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Microservices Expo: Article

Just Another Fool with a Tool

Business Intelligence used to mean something...

Once, when Business Intelligence (BI) wasn't a multi-billion dollar industry, it was an idyllic concept which revolved around enabling an analytic approach to business decision making. That's what made me fall in love with BI over 10 years ago and what, in my view, gives the BI space its misty glow.

At the heart of the Business Intelligence concept lies the seemingly trivial ability to get answers to important questions. The CEO may ask the CFO how quarterly sales look compared to the previous year, and the online marketer may ask himself to which landing page they should direct new traffic for maximum conversions. To each of them, their question is equally important and has great impact on their course of action.

The general ability to get questions like these answered effectively is what measures the "intelligence" of a business. An intelligent business operates based on informed insight, while a regular ("dumb") business operates based on guesses and hunches which could easily be wrong.

Sic Transit Gloria Mundi - Thus Passes the Glory of the World
Being part of the Business Intelligence space used to mean something. The great strides made by BI innovators like Business Objects, Cognos and Microsoft have done a great job to promote the Business Intelligence concept and maintain its lucrative appeal. The fact that they couldn't make it affordable beyond a thin tier of wealthy companies actually helped maintain that perception: not just any company can use business intelligence, and not just any company can sell business intelligence. Business Intelligence was for "serious" companies only.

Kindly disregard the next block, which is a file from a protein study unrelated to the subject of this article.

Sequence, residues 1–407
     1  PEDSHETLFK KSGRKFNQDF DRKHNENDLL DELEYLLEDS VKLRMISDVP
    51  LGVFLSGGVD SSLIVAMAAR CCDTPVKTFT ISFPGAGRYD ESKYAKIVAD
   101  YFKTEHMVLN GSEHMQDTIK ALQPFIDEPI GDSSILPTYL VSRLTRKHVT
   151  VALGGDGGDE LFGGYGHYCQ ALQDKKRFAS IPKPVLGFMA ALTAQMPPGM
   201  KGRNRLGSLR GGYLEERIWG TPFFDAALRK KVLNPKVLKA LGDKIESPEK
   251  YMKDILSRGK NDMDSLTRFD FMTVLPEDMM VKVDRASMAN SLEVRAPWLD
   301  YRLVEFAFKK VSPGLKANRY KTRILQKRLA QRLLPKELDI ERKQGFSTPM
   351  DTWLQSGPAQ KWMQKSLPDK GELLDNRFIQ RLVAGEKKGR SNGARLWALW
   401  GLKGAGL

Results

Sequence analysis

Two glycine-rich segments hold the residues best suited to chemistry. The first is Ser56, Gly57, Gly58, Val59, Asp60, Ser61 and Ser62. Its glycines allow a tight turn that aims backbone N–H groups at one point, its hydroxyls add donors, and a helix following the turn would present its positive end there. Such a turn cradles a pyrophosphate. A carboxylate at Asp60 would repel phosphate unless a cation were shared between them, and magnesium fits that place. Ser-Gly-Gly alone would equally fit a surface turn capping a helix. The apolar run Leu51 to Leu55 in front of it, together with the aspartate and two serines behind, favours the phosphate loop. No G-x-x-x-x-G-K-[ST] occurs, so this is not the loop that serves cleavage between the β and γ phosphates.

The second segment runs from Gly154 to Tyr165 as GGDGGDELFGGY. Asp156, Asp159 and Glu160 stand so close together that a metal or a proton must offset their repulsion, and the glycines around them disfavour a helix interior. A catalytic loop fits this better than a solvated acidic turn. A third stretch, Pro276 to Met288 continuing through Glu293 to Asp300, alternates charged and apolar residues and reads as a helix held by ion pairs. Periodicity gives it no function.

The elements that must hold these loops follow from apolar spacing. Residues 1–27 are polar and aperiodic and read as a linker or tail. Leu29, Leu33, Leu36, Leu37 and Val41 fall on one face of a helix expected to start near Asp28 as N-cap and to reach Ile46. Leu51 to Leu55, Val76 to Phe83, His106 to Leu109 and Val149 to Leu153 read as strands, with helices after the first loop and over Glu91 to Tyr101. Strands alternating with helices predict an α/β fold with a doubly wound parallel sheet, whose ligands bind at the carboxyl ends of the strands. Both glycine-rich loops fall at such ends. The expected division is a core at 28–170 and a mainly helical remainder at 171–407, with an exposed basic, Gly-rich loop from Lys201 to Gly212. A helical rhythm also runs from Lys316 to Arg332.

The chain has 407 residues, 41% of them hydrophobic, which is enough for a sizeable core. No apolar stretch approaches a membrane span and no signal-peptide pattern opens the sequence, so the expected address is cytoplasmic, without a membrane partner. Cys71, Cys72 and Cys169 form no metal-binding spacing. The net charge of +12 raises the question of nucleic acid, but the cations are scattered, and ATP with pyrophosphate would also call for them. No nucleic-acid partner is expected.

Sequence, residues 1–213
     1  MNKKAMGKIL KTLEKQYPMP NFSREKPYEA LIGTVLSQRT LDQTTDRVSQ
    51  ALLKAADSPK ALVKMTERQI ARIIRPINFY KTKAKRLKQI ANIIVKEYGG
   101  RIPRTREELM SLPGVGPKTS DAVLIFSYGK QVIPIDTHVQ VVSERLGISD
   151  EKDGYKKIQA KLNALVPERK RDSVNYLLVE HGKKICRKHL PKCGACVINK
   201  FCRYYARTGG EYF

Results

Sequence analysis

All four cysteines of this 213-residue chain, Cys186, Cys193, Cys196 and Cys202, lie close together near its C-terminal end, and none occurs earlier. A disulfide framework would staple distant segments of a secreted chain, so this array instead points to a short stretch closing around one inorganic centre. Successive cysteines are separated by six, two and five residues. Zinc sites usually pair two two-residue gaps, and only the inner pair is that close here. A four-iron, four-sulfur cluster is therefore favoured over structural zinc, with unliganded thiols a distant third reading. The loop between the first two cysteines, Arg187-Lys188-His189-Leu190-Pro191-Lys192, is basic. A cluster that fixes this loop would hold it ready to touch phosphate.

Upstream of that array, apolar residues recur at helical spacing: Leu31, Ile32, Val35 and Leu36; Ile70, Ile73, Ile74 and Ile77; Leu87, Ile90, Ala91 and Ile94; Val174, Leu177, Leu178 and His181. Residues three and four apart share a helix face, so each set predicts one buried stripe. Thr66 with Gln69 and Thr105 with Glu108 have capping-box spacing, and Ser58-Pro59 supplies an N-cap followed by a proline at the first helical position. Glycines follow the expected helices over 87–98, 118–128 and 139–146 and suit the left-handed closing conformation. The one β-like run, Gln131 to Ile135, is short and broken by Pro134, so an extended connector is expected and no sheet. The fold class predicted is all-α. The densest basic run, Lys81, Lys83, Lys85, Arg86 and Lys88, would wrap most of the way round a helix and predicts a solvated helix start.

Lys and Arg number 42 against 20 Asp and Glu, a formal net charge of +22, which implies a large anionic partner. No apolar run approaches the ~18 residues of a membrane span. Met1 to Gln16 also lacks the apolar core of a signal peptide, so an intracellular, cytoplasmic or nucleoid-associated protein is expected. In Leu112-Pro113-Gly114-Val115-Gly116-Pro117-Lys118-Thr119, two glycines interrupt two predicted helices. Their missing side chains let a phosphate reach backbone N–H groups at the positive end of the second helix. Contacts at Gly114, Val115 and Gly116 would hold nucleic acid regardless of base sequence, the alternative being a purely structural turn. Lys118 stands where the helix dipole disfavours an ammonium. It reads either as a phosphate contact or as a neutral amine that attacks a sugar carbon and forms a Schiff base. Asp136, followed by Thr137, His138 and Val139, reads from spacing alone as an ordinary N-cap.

Long since then, however, the good name of Business Intelligence has been tarnished. I don't know if you've noticed, but the rate at which new "business intelligence vendors" keep popping up is ridiculously high.

Why the double quotes? Because you don't need to know anything about Business Intelligence to launch an AdWords campaign or do some SEO work, and online marketers have been taking advantage of that fact to feed off the business intelligence prestige and throw a lot of attention towards their own goods. But these rarely have anything real to do with business intelligence. At the best of times, these are simplistic reporting tools, data visualization gizmos or expensive implementation projects masked by buzzwords like SaaS.

Is Your Business Really Intelligent?
The saddest thing is, companies genuinely wishing to introduce the modern and effective approach to business decision making inherent in BI get entangled in all this hype and end up paying a lot of money for "business intelligence," when, in fact, all they have done was have someone develop a few reports or create a pretty dashboard for them.

Business Intelligence is not about what reports or dashboards you have, how detailed they are or how dazzling they look. It's about being constantly hungry for new information across your entire business, and being able to retrieve it easily and quickly without constantly calculating how much it would cost.

Otherwise, you're just another fool with a tool.

** Originally posted on The ElastiCube Chronicles

More Stories By Elad Israeli

Elad Israeli is co-founder of business intelligence software company, SiSense. SiSense has developed Prism, a next-generation business intelligence platform based on its own, unique ElastiCube BI technology. Elad is responsible for driving the vision and strategy of SiSense’s unique BI products. Before co-founding SiSense, Elad served as a Product Manager at global IT services firm Ness Technologies (NASDAQ: NSTC). Previously, Elad was a Product Manager at Anysoft and, before that, he co-founded and led technology development at BiSense, a BI technology company.

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